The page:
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World-first in non-destructive testing of flexible subsea risers

​List, a CEA Tech institute, helped to develop a particularly innovative embedded system that combines several non-destructive testing technologies. TechnipFMC, a provider of services to the oil and gas industry, will use the system to inspect flexible subsea risers.

Published on 19 March 2018

Non-destructive testing techniques are not well-suited to complex parts with multi-layered structures like subsea pipes. Until now, there has been no reliable means of inspecting flexible subsea risers with multiple layers of steel rebar, for example. The IRIS (In-Service Riser Inspection System) R&D project, led by List in partnership with TechnipFMC, is combining several technologies to enable the detection of any defects in the various layers of reinforcements (breaks, cracks in the thermoplastic ducts, etc.) in real time.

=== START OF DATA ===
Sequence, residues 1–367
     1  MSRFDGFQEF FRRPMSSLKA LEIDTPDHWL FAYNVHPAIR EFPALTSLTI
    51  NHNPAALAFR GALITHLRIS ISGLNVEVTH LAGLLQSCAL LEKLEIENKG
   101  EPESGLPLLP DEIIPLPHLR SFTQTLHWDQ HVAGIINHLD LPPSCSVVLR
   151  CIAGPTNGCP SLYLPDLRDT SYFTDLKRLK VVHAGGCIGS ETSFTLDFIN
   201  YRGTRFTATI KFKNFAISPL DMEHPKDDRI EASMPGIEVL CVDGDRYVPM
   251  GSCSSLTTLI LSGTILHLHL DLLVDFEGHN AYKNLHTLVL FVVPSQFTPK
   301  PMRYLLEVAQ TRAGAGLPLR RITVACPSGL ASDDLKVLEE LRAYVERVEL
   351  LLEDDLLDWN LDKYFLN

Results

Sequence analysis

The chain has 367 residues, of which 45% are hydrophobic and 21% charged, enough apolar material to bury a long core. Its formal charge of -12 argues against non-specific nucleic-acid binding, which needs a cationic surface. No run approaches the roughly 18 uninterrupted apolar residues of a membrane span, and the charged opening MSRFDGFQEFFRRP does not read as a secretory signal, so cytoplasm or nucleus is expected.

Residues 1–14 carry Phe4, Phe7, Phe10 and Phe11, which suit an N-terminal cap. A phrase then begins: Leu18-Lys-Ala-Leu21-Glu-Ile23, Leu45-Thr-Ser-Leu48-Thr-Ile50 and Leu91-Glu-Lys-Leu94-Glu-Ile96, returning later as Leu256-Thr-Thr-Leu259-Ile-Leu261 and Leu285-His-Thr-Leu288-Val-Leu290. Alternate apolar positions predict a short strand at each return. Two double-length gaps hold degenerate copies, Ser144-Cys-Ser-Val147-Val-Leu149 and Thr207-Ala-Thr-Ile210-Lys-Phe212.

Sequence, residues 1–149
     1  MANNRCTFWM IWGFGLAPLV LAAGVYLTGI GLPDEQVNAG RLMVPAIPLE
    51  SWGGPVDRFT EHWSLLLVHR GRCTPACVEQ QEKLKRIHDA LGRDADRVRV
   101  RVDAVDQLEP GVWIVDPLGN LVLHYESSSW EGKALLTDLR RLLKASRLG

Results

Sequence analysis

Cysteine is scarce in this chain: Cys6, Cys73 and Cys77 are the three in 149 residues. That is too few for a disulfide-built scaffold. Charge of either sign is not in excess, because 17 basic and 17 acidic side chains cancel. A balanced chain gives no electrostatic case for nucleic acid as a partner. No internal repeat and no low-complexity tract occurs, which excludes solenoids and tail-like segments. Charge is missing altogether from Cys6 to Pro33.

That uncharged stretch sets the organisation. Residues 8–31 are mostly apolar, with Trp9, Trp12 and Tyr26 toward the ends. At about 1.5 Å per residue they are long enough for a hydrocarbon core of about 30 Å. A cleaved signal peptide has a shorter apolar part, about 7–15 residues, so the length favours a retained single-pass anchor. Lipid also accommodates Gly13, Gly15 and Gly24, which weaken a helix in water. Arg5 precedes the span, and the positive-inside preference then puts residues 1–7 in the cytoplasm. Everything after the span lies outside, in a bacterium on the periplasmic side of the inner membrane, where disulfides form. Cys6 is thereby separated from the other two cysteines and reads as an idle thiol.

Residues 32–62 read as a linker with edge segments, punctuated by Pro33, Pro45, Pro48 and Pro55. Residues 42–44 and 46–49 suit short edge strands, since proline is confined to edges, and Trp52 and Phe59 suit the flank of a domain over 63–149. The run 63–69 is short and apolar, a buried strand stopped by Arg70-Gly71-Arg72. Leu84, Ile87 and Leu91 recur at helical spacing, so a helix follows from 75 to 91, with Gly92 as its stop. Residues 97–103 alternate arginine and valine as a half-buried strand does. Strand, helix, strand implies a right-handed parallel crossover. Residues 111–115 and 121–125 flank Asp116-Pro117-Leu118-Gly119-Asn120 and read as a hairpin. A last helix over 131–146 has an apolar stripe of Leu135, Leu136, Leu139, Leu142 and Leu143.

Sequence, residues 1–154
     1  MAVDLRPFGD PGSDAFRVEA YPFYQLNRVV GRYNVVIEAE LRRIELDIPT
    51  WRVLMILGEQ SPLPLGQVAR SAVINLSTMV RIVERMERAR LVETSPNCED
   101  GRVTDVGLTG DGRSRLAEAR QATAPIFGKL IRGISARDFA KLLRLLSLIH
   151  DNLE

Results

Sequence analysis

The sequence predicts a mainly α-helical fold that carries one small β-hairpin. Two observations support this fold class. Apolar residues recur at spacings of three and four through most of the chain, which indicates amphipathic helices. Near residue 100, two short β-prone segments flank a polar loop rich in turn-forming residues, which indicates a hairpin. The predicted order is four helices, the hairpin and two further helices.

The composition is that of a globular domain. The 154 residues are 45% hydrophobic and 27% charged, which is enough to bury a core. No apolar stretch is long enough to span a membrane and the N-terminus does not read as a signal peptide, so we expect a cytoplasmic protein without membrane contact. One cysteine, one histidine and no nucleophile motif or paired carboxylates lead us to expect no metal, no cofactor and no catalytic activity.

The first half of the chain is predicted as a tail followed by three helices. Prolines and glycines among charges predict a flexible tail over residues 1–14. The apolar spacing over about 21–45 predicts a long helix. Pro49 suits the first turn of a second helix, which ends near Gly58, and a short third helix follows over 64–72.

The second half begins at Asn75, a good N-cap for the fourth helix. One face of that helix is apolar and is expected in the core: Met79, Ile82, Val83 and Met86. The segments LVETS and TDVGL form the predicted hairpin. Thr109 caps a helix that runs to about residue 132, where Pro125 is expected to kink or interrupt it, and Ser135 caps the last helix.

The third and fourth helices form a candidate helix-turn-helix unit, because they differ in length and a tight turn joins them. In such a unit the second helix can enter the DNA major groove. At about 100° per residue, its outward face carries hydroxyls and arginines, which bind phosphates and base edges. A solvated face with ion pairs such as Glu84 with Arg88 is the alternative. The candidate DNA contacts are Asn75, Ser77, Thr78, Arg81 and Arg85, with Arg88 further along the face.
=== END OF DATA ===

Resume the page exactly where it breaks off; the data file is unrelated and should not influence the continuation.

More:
An ultrasonic NDT method developed by TechnipFMC is used to detect defects in the outer layer. This method is coupled with an electromagnetic wave technique developed by List to inspect the metal reinforcements. A sensor was designed and patented specifically for the project. It enables the NDT tools to see "through" the outer reinforcements to the inner ones. Another sensor uses capacitive measurement techniques to determine whether there is any water inside the thermoplastic ducts. Ultimately, a marine-grade X-ray source will be added to the system, giving it tomography capabilities. The entire package will be integrated into an ROV*-type system launched from the deck of a supply vessel and able to reach depths of 2,000 meters. The ROV will lock onto and move along the flexible riser independently. 

TechnipFMC plans to start using the new NDT system for several offshore oil and gas projects this year.

*Remotely-operated vehicle

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